My experience in Switzerland has managed not just to meet, but to exceed, everything I had hoped for in a summer internship in Europe. Let me preface my explanation by saying that I had already spent a year studying abroad in the UK before starting my internship at EPFL. When you come from the U.S., which is relatively homogenous, to a place where commuting is so convenient and the destinations so numerous and diverse, you take advantage of the opportunity to travel the first chance you get. As such, I had already packed my bags to see the world during my time in the UK, Eurailing from France all the way to Slovakia, and even flying to Turkey. So, by the time I arrived in Lausanne, I just wanted to unpack my bags, kick off my shoes, and unwind.
However, things started to pick up very quickly. Upon arriving in the Neurodegenerative Studies Laboratory, I realized that I would be able to work on my own project with the mentorship of a postdoc supervisor (shoutout to Dr Pamela Valdes for all her expertise and patience!). I was to engineer and clone my own plasmid of DNA to inject into mice, which would allow us to observe the aggregation and propagation of tau, a key protein involved in the pathogenesis of Alzheimers as well as many other forms of neurodegeneration. In all my undergraduate experiences in research, this was the first time I had the chance to take ownership of a task so open-ended, with so many design points where my decisions and insight were crucial to a successful outcome. I immediately jumped at the chance to do so, treating this project as if it were my baby (I do really call it that out loud sometimes!). Every day, I woke up excited to go to the lab to continue my work. It was like falling in love, only instead of writing letters, I wrote protocols, and instead of picking flowers, I picked colonies of E. coli.
So there it was, my summer experience in a nutshell. Or so I thought. And I would have been perfectly content with just that. What I didn’t expect, and was pleasantly surprised by, was how friendly and welcoming my lab mates were. Without fail, everyone took the time to exchange greetings in the mornings. There would often be organized group outings, such as aperos in the afternoon or, even once, paddleboarding on the lake. Lunch hour was sacred, and the socializing that occurred would often be continued over a coffee after the meal. It made no difference if you were a graduate student, a technician, a postdoc, the secretary, or even a lowly summer intern; everyone ate together and talked to one another, whether to complain about an experiment or share their weekend plans. There was a real sense of community. The diverse international representation within our lab– a reflection of EPFL as a whole– made our conversations all the more interesting. I formed fast friendships with another fellow intern from Mexico and a graduate student from China, and also got to know some of the postdocs really well, including Pamela, who is from Chile, and Nathalie, from France. The technicians were also very friendly, but oftentimes would speak together in French, which everyone except me understood fairly well. So, to listen in on their lunchtime conversations, I decided to hit the books. Although I’m far from fluent at the moment, I can certainly understand a lot more than I did at the beginning of the summer. Sometimes I even find myself laughing along to their stories and jokes!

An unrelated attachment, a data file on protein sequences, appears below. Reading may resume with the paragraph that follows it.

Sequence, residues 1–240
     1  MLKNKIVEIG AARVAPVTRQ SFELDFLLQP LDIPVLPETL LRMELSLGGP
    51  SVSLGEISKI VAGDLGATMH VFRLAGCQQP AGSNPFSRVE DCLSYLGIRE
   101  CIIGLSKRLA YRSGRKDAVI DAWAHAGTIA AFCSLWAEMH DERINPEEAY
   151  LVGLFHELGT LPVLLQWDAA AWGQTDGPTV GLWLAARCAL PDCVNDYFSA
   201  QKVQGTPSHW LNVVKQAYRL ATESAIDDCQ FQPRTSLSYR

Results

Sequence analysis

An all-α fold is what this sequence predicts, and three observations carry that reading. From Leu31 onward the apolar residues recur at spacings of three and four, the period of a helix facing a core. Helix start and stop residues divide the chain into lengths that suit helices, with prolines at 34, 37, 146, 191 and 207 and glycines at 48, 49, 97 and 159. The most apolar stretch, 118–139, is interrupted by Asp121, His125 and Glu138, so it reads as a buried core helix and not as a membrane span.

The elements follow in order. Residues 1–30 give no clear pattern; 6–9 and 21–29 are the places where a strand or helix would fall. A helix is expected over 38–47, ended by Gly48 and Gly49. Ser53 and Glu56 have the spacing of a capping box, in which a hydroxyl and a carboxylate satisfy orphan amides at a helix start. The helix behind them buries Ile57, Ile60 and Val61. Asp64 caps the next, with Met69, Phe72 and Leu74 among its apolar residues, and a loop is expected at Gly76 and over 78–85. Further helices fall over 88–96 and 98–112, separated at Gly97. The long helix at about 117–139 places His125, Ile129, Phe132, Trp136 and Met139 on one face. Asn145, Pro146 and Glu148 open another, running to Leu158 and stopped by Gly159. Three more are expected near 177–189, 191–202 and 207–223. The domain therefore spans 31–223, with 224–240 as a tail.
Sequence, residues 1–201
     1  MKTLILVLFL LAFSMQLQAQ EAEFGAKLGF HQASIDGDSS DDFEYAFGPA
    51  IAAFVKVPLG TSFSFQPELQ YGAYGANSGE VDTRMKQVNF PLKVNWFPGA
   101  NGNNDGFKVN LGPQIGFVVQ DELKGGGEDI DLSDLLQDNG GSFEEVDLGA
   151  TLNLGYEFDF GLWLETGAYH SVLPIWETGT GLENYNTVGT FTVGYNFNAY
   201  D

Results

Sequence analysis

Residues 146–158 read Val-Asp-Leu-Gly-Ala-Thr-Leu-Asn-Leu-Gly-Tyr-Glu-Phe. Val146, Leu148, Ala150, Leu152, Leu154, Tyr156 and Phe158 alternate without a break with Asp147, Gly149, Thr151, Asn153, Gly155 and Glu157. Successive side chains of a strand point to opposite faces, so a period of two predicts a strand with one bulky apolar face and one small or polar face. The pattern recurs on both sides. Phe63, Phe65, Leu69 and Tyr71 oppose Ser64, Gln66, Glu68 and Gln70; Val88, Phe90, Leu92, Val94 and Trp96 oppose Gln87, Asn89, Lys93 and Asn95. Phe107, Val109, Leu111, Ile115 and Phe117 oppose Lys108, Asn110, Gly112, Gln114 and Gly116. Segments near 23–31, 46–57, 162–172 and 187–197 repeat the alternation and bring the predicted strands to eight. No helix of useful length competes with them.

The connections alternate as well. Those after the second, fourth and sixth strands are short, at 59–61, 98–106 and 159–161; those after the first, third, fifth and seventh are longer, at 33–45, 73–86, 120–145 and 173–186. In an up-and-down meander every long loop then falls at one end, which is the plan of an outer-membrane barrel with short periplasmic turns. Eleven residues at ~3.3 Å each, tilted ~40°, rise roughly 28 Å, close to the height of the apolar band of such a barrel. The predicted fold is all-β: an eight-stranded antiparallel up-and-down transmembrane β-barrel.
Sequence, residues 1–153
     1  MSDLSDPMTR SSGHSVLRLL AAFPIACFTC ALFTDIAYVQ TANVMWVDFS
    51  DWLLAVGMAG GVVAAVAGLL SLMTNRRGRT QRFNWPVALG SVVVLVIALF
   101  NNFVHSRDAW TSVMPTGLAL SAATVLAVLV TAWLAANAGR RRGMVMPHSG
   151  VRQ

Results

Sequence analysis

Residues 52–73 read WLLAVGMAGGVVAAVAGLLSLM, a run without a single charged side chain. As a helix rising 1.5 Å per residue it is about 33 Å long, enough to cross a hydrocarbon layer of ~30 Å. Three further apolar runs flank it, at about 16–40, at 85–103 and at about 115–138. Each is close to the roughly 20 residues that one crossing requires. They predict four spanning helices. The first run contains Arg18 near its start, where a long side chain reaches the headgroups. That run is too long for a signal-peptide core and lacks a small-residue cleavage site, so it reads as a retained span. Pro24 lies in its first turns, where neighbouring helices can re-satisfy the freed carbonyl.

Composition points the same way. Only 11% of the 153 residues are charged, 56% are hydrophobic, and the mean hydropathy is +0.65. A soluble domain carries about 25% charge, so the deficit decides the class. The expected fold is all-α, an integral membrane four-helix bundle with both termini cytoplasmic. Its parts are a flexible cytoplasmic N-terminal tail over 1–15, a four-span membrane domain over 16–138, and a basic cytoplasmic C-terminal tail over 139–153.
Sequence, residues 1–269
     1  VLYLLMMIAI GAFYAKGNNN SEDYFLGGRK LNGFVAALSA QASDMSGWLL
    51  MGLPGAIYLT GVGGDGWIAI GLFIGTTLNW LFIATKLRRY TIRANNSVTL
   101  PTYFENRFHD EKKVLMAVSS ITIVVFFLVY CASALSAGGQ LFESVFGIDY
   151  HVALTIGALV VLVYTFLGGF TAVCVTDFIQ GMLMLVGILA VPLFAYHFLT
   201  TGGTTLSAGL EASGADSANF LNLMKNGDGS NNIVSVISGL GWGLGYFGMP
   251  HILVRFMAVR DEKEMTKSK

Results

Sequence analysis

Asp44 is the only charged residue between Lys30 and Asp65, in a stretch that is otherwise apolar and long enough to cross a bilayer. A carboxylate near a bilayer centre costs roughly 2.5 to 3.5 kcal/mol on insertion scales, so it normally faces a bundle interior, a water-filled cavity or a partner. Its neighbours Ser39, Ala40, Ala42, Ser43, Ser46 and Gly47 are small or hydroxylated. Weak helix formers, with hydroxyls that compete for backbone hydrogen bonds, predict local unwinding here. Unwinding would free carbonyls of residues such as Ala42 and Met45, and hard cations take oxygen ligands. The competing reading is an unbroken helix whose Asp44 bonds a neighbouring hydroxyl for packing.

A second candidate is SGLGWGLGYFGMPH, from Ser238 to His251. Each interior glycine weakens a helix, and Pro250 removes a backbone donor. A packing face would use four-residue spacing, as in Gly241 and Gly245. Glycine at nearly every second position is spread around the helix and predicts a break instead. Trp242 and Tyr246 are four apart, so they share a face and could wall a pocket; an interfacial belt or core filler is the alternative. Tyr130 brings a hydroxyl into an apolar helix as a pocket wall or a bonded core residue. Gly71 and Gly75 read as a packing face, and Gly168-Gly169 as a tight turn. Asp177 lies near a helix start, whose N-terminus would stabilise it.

While life at EPFL was already wonderful and fulfilling, I also got to know and love the city of Lausanne its surroundings. Travel is expensive in Switzerland, and I had no intention of doing another grand tour of Europe, but I managed to have fun all the same. The key to sticking to a tight budget is to look out for deals, such as supersaver tickets, and to visit the local scenery. One weekend, I booked a discount ticket to Turin to visit a friend. Another time, I went hiking in the gorgeous terraced vineyards of Lavaux, only a 10 Franc ticket away from my apartment. A third time, I hitched a car ride with some of the grad students and postdocs and went rock climbing in the Swiss Alps. And some weekends, when it got too hot to go outside during the day or when I was in a lazy mood, I passed the time reading papers until the evening, when I would maybe take a break and walk down the streets of my neighborhood, or turn on Netflix to catch up on my favorite TV series.
I am about to leave Switzerland and Europe for good, and as I reflect on my experience, I know that my time here both in the lab and out have allowed me to grow immensely. I’ve made new friendships, learned a huge amount of practical and theoretical knowledge, confirmed my passion for neuroscience, become more independent both in research and in personal matters, developed a sense of confidence in my ability to adapt to other cultures, and… well, the list goes on and on. It’s a bittersweet farewell since I don’t know when I’ll get the chance to come back, but before I step on my plane back home, I want to say thank you to Switzerland and EPFL for one amazing summer.
Rock climbing in the Alps
Visiting a friend in Milan
Hiking at Zermatt
Montreux Jazz Festival
Au revoir, jusqu’à la prochaine fois!
Xueyin Wen, Massachusetts Institute of Technology
Neurodegenerative Studies Laboratory, SV LEN, EPFL